Determinants of Final Price. Source: Peter Doyle

Given the latter explanation, the final price that is paid by the customer includes all the activities that are listed (probably with the Internet, we must add extra costs related to the digital channel, we include here the marketing and sales using digital internet tools).

Cost-based pricing identifies the profit margin as another component of the costs. When deliberately we utilize cost-based pricing, even though we believe that we are charging a profit margin above fixed costs and variable costs; in reality, we are categorizing the mark-up as another cost. Unbelievably, that is the way in which all strategy and marketing strategy textbooks have been philosophically set up. Consequently, we are ignoring the competitor prices, we are disregarding the value differentials based on the perception by each segment of clients, and we are closing our eyes to sources of differentiation, but only considering the sources of cost advantage from the manufacturing of the product.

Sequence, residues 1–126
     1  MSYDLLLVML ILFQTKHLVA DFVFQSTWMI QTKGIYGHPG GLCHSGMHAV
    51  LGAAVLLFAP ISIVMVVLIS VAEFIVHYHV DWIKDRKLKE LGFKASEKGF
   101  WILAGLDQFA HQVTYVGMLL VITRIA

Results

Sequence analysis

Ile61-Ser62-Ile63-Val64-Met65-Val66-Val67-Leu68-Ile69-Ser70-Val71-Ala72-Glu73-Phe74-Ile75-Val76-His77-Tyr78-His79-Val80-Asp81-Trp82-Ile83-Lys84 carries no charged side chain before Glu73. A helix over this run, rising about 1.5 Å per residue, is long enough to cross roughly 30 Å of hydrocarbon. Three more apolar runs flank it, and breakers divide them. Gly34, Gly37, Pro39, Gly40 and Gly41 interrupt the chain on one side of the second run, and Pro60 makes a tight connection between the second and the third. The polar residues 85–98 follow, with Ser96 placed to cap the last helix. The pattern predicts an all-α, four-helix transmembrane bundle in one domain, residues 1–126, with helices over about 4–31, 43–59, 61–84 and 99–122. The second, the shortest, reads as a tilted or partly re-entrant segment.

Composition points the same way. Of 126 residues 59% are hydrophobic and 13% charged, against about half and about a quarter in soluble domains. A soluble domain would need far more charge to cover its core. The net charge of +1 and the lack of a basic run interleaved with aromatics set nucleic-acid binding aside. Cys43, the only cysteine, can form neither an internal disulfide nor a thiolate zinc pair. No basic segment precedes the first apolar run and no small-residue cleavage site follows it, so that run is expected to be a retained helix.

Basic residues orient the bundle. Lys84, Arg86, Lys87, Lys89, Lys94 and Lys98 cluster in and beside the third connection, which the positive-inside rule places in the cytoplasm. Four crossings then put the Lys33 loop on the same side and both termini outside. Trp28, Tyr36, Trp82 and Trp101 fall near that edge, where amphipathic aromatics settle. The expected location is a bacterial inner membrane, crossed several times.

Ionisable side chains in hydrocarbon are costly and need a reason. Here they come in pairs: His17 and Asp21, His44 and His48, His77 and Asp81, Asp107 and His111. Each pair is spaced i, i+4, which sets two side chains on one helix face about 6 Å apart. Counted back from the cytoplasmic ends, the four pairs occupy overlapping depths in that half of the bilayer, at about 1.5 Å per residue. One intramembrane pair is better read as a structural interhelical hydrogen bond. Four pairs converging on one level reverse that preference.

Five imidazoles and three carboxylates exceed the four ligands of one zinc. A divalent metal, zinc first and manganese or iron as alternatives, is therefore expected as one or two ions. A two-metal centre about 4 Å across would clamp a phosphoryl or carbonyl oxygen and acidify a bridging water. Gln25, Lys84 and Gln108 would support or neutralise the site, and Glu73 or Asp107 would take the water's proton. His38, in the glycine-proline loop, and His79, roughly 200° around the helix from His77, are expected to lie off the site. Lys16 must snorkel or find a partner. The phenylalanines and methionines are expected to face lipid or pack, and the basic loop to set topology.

The trap of the low-quality. Ultimately clients who do not have an economic position of at least a global middle-middle class (a mid-middle class family has annual earnings between US$40,000 up to US$80,000 per year) are always trying to save some money. And it is natural embedded to look for convenient quality at the price of a cheapskate. Therefore, if consumers don’t have at least a mid-middle class income and lifestyle, the low-working class that lives in poverty tend to search for thrift low-cost products and services. the result is that the poor class live with pauper conditions of life. Companies producing low-cost offers are serving the unfortunate with miserable mediocre products. A low-cost product or service is designed to keep the underprivileged living with straitened circumstances and things. Is this ethically fair? For example, all this idea of emigrating the traditional education to a digital model is nothing else than to provide a deprived impecunious low-paid education to the needy. That is not the way to solve our global lack of education problems.